Hypothyroidism is a condition where a dog’s thyroid doesn’t produce enough hormones, which leads to slow metabolism and usually causes weight gain. On the other hand, hyperthyroidism is when the thyroid produces too many hormones, leading to increased metabolism which causes weight loss as well as multiple other symptoms. Out of the two conditions, hypothyroidism is much more common in dogs.
In most cases, hypothyroidism is caused by either autoimmune thyroiditis (which is also called lymphocytic thyroiditis,) or idiopathic atrophy.
Autoimmune thyroiditis is when a dog’s immune system mistakenly begins to attack the dog’s thyroid as if it were a harmful, foreign particle. This means that your dog’s own immune system will gradually damage or destroy your pooch’s thyroid, lowering its function and efficacy. Autoimmune thyroiditis is believed to cause at least 50% of all cases of hypothyroidism in dogs, and it seems to be an inherited condition that is common in Akitas, Golden Retrievers, and Dobermans.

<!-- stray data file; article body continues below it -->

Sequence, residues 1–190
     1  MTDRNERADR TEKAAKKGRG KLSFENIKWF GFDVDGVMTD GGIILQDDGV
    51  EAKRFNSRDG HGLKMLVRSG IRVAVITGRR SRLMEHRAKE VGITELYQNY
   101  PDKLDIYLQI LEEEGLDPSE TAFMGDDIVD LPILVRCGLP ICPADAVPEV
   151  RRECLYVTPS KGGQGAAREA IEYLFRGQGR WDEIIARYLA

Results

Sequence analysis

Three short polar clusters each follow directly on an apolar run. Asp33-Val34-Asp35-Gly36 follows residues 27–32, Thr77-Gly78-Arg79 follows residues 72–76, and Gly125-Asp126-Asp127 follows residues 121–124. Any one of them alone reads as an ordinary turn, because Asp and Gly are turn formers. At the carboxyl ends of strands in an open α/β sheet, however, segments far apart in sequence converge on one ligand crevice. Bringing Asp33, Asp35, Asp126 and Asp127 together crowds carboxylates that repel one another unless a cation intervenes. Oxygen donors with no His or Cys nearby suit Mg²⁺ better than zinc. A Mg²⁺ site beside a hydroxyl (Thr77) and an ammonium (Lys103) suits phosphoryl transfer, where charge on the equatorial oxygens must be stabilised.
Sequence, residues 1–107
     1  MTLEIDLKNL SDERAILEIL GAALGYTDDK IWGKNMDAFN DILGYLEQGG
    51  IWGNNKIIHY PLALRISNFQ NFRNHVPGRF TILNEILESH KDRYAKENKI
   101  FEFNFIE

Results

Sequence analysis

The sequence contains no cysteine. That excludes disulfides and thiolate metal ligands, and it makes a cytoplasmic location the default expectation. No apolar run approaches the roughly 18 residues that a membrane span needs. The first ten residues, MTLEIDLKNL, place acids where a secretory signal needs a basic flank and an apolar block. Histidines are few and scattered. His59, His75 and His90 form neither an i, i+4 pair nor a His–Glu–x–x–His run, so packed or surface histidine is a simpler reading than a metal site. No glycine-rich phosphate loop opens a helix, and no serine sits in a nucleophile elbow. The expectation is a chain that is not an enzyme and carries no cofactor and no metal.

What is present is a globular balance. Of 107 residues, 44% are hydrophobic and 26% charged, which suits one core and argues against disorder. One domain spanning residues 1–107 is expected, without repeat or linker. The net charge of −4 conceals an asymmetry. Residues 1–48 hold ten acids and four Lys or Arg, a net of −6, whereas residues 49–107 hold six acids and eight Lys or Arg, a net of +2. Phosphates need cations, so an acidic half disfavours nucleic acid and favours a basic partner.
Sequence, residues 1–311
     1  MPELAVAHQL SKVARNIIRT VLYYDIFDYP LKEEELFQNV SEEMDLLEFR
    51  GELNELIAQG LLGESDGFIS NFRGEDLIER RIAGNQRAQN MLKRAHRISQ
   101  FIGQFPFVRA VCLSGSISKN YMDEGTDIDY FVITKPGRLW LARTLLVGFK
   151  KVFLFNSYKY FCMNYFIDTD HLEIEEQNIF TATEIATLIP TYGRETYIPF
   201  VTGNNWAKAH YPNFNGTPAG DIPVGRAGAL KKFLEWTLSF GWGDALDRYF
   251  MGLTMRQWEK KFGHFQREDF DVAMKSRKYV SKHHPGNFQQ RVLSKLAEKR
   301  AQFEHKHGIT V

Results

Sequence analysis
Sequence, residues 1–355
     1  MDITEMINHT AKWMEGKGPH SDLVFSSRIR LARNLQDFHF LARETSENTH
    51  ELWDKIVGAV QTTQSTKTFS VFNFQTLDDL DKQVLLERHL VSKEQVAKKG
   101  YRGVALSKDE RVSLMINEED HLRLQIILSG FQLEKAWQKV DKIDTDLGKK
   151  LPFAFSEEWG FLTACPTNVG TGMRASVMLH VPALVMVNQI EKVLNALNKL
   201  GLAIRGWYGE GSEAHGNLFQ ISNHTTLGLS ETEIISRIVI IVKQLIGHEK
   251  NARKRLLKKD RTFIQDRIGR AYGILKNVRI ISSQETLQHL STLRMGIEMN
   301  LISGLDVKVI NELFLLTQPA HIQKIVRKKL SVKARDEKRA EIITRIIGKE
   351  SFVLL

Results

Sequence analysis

Idiopathic atrophy of the thyroid simply means that the thyroid gland begins to shrink, decline in effectiveness, or the tissue breaks down without any apparent cause. “Idiopathic” simply means that the illness is spontaneous and the cause is unknown. Idiopathic atrophy is another major cause of hypothyroidism in dogs, but it is much less common than hypothyroidism caused by autoimmune thyroiditis.
In rare cases, trauma to the thyroid or tumours can cause hypothyroidism. If the thyroid is damaged by a severe injury, or your dog develops a tumour or cancer on the gland, then the damage to their thyroid can lead to hypothyroidism.
All dogs of any age, size, and breed can develop hypothyroidism. However, it is more common in dog breeds that are medium or larger in size. It’s also much more often found in middle-aged dogs - most dogs will start exhibiting symptoms of illness by the time they are about 4 to 5 years old.
As well as bigger dogs being at greater risk of developing hypothyroidism, there are also many breeds that seem to be more at risk of the condition. Two of the breeds at the highest risk are Golden Retrievers and Dobermans.
Dog breeds prone to hypothyroidism include:
Old English Sheepdogs
Spaying and neutering seem to have a potential link to a slightly increased risk of hypothyroidism in dogs. However, more study is needed and the reason for this link is currently unknown.